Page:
Shrimp Tank Cycle aka. The Nitrogen Cycle

I know how tempting it is to buy all this equipment for your new shrimp farming hobby and instantly dump them in your tank. You need to understand the Nitrogen Cycle before even purchasing your RCS (Red Cherry Shrimp) or you could possibly kill a lot of your shrimp.

What is the Nitrogen cycle?

The Nitrogen cycle is a process where beneficial bacteria (in your substrate, hardscape, and bio-filter) convert that nasty ammonia that your fish,shrimp, or food produce and turn it into nitrite, which in turn will eventually convert to nitrate (which is nitrogen). Nitrogen is the final product of this cycle, which is great for live plants. This is why people are getting more into scaping their tanks with live plants (cuts down on water-changes).

What is Ammonia?

Ammonia is what fish, shrimp, food and dead plant decomposition break down into over time in the aquarium. Once there is the presence of ammonia, (BB) beneficial bacteria will start to grow. These little guys will convert your nasty ammonia into nitrite. Ammonia is harmful to your fish and shrimp, so the most ideal level to have is at zero because just like us, no one wants to be swimming in their own waste.

What is Nitrite?

Nitrite is the first step of beneficial bacteria converting ammonia into nitrate. Once there is a presence of nitrite in the aquarium, another set of beneficial bacteria will start to grow that converts your nitrite into nitrate. Nitrite is also harmful to your shrimp and fish. High levels can possibly kill them.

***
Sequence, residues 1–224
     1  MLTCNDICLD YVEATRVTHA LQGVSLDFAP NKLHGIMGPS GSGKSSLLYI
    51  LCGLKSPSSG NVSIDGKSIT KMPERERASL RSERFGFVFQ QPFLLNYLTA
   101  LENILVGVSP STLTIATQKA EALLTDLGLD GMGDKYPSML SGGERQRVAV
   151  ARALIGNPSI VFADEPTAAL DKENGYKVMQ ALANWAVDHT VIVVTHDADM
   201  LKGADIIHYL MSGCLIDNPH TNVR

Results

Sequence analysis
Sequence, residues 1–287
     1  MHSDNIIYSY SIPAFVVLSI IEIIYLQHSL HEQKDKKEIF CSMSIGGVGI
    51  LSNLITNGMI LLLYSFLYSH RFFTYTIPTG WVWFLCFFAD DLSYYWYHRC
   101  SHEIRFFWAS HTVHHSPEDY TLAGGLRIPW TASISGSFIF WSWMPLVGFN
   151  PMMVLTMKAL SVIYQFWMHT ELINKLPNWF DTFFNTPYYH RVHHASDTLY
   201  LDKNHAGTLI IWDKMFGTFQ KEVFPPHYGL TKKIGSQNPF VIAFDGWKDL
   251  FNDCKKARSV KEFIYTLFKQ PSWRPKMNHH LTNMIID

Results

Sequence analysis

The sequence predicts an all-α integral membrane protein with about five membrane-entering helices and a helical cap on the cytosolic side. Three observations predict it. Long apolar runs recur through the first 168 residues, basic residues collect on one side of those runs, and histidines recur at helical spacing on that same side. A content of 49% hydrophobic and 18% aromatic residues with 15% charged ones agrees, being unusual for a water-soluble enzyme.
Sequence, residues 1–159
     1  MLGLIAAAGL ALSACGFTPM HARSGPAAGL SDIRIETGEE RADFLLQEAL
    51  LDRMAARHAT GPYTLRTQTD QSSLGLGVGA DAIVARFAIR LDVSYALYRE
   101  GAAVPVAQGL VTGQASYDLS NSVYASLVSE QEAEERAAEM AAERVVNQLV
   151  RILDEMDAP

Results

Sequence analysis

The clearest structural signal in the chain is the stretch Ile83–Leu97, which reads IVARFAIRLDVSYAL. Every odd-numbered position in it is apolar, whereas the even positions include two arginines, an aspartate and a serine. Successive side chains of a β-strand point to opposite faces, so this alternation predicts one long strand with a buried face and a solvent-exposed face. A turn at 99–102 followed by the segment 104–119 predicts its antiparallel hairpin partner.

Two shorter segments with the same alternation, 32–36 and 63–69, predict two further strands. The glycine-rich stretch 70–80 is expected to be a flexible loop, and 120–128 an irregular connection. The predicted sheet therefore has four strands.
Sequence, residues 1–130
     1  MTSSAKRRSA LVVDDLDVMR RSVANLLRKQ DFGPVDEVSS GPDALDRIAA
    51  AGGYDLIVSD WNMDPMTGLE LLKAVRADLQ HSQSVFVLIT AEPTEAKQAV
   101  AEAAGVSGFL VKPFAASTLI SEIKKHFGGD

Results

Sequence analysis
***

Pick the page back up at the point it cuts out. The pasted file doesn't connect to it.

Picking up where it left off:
What is Nitrate?

Nitrate is the final product of the nitrogen cycle. This is produced after both types of beneficial bacteria are established in the aquarium and is converting your bio-load into harmless nitrate. Now bear in mind, high excessive loads of nitrate can also be harmful to your inhabitants and potentially kill them.

Removing excessive loads of nitrate

There are only two ways to remove nitrate from your aquarium. First is planting aquatic plants, which will convert nitrate and other harmful substances into O2 (and CO2) during photosynthesis. It can take a significant amount of time for the plant load to consume the excessive nitrate, but they will happily consume it, since they can use it during photosynthesis. Floating plants (floaters) like frogbit, duckweed, and dwarf water lettuce are very efficient nitrate consumers. Their roots take up nutrients directly from the water column. The second way to remove excess nitrate is by doing water changes and add fresh water into the aquarium. Learn more about water changes.